History of contempt
2.1Today’s contempt laws were developed by the courts over the centuries to prevent or punish conduct that may interfere with the administration of justice.
2.2Historically, the law of contempt developed out of the King’s power as a source of justice to punish abuses and affronts to the King’s peace and the King’s courts. As early as the 12th century, actions or words that interfered with the administration of justice could be punished by the King’s courts as contempt against the King’s peace. The rolls and year books contain references to contempts of court.
2.3From these earliest times, the superior courts of common law in England exercised jurisdiction over contempt emanating from the sovereign’s power. Power to punish contempt, together with a range of other unrelated powers, came to be called the “inherent jurisdiction” of the superior courts.
2.4The writ of attachment appeared regularly in the early contempt cases. The writ ensured the court had some control over a party to secure that party’s appearance in court, either by imprisonment of the body or by the taking of securities.
2.5In the 16th and 17th centuries, the Star Chamber took on some of the jurisdiction of the King’s Council and punished contempts of the common law courts. The Star Chamber dealt with contempts by a summary process rather than by the common law procedure. When the Star Chamber was abolished in 1640, the King’s Bench acquired all the lawful power that had been vested in the Star Chamber and also adopted the summary procedure of the Star Chamber.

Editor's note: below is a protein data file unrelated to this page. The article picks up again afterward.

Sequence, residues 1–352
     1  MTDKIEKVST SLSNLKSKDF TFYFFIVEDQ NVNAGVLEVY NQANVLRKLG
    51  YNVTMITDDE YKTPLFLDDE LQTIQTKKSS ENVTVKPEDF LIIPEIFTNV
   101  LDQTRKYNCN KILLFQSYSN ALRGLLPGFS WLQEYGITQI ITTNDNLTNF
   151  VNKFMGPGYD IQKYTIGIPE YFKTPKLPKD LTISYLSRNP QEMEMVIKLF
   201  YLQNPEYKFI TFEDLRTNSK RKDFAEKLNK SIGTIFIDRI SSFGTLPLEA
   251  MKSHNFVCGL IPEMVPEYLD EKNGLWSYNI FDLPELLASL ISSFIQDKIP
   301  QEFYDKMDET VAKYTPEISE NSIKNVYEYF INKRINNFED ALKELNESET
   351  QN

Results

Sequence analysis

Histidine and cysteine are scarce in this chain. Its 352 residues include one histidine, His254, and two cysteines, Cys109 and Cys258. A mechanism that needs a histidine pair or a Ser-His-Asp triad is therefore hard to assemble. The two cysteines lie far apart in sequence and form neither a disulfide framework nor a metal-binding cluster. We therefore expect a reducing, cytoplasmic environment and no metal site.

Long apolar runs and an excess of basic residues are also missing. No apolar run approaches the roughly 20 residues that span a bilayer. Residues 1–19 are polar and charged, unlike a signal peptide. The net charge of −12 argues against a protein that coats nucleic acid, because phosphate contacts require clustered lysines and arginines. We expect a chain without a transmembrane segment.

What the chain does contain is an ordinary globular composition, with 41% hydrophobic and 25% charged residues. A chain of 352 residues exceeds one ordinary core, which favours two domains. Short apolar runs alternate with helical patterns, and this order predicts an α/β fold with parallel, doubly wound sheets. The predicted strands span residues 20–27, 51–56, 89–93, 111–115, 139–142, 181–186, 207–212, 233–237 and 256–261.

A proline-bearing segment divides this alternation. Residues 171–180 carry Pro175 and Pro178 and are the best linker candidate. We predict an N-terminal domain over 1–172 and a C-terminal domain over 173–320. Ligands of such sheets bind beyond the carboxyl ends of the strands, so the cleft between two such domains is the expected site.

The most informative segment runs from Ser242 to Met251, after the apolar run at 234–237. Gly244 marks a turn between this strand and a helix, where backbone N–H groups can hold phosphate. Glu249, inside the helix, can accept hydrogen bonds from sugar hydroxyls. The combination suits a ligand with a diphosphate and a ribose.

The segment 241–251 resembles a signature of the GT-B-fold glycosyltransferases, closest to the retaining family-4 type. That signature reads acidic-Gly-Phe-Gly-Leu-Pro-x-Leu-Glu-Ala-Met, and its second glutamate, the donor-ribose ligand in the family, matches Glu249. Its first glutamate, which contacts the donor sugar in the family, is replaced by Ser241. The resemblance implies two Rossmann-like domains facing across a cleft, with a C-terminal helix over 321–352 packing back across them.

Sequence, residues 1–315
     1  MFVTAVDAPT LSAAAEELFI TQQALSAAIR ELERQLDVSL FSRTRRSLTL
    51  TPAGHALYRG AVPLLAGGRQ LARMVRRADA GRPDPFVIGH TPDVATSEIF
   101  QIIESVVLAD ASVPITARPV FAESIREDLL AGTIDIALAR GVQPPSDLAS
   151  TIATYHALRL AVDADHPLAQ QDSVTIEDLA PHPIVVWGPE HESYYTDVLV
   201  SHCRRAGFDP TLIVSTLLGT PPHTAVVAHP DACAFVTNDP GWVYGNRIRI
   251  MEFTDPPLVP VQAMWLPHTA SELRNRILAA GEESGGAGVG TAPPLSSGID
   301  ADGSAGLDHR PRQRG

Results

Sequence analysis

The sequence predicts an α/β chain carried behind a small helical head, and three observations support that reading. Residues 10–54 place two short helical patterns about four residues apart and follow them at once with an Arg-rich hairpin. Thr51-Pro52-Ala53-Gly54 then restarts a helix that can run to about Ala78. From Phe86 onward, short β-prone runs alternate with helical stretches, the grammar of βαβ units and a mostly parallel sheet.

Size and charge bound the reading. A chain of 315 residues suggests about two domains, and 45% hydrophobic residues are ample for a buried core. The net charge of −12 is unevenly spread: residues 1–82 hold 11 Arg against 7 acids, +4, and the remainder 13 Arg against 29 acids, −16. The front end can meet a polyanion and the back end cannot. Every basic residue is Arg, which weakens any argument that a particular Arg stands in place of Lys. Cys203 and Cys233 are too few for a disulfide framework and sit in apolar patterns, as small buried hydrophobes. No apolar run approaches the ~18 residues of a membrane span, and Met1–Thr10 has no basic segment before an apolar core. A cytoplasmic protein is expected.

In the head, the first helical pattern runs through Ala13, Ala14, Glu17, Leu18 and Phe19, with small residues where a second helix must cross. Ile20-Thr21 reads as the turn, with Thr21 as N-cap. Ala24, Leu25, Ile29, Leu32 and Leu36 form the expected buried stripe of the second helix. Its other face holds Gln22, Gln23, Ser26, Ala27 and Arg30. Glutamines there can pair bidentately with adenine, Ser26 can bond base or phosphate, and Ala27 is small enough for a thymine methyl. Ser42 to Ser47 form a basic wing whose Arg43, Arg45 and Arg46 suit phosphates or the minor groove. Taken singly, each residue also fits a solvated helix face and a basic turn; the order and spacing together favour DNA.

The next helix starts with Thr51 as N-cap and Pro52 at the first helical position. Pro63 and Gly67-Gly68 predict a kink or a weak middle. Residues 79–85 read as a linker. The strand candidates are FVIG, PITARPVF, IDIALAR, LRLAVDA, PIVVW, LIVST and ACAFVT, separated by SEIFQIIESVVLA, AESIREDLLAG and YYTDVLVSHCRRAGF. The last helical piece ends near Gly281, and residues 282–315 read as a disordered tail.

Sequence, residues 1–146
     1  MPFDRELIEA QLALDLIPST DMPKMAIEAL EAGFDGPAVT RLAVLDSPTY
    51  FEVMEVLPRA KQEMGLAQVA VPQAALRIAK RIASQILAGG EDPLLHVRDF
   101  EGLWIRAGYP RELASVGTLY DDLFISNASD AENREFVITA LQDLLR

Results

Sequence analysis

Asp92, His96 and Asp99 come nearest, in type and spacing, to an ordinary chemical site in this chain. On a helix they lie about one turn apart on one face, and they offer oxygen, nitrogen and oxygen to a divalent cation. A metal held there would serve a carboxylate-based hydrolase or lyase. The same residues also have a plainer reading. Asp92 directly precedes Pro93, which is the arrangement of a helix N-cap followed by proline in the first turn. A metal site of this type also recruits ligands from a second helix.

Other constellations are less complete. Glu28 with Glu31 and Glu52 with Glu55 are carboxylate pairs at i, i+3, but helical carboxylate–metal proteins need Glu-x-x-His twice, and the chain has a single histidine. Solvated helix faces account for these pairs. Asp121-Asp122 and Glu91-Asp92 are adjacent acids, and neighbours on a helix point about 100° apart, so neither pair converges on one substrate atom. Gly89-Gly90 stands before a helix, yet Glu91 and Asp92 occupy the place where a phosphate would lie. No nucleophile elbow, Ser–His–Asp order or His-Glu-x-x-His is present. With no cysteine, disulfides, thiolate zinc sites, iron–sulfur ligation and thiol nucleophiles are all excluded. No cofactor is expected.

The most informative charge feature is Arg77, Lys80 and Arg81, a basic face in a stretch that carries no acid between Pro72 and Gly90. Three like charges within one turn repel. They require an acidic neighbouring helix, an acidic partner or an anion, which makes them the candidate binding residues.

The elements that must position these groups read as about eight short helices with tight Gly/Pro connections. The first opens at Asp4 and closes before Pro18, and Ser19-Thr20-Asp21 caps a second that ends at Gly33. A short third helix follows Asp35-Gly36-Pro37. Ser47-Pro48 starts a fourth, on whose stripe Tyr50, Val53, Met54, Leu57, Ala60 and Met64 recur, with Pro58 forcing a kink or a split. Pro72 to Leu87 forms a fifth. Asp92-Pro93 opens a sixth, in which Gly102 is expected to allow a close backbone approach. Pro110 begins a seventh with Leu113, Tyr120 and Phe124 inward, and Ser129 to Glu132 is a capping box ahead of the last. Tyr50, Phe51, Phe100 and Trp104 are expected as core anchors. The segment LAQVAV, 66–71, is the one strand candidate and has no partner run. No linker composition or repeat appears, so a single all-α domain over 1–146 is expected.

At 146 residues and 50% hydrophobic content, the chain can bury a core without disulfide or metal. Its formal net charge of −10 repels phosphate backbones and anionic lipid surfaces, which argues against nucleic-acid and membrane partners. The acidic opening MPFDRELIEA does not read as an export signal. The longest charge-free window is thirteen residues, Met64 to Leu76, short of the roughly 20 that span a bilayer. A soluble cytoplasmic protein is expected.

2.6In New Zealand, inherent jurisdiction now resides in the High Court. The Judicature Act 1908 amended and consolidated the law relating to the Supreme Court (the forerunner of today’s High Court) and the Court of Appeal. The Judicature Act recognises and affirms that the High Court has “all the jurisdiction which it had on the coming into operation of this Act and all judicial jurisdiction which may be necessary to administer the laws of New Zealand”. By virtue of the earlier provisions of the Supreme Court Acts of 1860 and 1882, the High Court has all the jurisdiction possessed by the superior courts in England at the time the 1860 Act came into force.
2.7The remaining vestiges of the historic power of the sovereign to punish contempt by committal to prison consequently reside now in the High Court. Joseph Williams J helpfully summarised the position:
... the superior Court, known today in New Zealand as the High Court, has additional jurisdiction in respect of contempt and other matters. That jurisdiction arises out of the origins of the High Court. That is, it was originally an emanation of the sovereign and still carries vestiges of the original attributes of the sovereign. These vestiges predate the creation of a representative legislature in England and are described today in New Zealand as the inherent jurisdiction of the High Court.
2.8The inherent jurisdiction of the High Court in respect of contempt has been supplemented by Acts of Parliament. For example, contempt in the face of the court and civil contempt are now subject to some statutory provisions. However, much of contempt remains within the common law and is still dealt with by the High Court in its inherent jurisdiction.